Sail and rigging

The reconstruction of the Skuldelev ship’s sails has proved a particular challenge for the Viking Ship Museum, as there are but few traces preserved in the archaeological record. It is therefore necessary to draw on information from comparable finds and ethnological evidence. Below is a summary of the general questions concerning the reconstruction of sail and rigging:

The Viking ships’ square sail was, in size and shape, developed together with the individual hull size and type of ship. The central crucial factor is the elementary balance between hull, sail and rudder when sailing against the wind, i.e. sailing close-hauled.

If the sail is too broad relative to the hull and the shape of the hull, the ship seeks away from the wind – it has lee helm, and cannot tack against the wind.

If the sail is too narrow, the ship turns into the wind without the rudder being able to prevent this – it has weather helm. If this is not corrected, the ship is dangerous to sail – in fact it is useless as a sailing vessel.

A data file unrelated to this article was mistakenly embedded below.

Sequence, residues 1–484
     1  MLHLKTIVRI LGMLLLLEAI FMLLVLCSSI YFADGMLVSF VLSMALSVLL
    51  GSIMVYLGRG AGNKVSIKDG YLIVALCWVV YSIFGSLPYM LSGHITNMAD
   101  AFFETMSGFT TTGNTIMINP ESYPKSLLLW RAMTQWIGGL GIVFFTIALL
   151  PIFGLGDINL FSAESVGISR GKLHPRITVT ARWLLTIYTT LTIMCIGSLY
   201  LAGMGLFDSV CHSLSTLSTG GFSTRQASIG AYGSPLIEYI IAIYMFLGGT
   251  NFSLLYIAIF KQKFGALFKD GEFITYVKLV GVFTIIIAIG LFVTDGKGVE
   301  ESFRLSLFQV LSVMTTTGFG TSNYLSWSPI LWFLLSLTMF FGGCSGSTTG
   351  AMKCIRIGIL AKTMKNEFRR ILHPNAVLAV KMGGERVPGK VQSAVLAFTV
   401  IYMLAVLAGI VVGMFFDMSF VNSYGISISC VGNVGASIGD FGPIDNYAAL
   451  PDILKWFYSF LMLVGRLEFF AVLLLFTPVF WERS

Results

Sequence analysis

If the sail is too low, the ship will sail too slowly and it will first sail properly when the wind is very strong.

If the sail, and with it the mast, is too high, the load is too great and it is necessary to reef the sail too early.

Further to all this, it is vital that the individual types of ship are ballasted and loaded correctly.

All these factors can be followed closely on Skuldelev 3, which not only has traces of the mast preserved but also has tacking holes for securing the sail forward at the rail, and sheet holes towards the stern to take the sheet. The breadth of the sail can therefore be calculated precisely.

In the successors to the Viking ships, the North European square-rigged boats, identical conditions can be traced. Here there were regulations for the dimensions of the mast, sail and rudder for the individual boat types.

There are a number of finds of rigging details, for example blocks, shroud pins, mast fragments, yard etc. from the Viking period and the Middle Ages. They show little variation in principle and execution throughout this time, and also relative to the last Nordic square-rigged boats from the early 20th century. In combination with oral tradition, it is therefore possible to produce rigging for the individual ship finds within very narrow constrains.

Andersen, Bent & Erik Andersen 1989: Råsejlet - Dragens Vinge. Roskilde.

Andersen, Erik 2001: The woollen sail. Research in long lenghts. Maritime Archaeology Newsletter from Roskilde 16, 22-29.

Andersen, Erik, Ole Crumlin-Pedersen, Søren Vadstrup & Max Vinner 1997: Roar Ege. Skuldelev 3 skibet som arkæologisk eksperiment. Roskilde.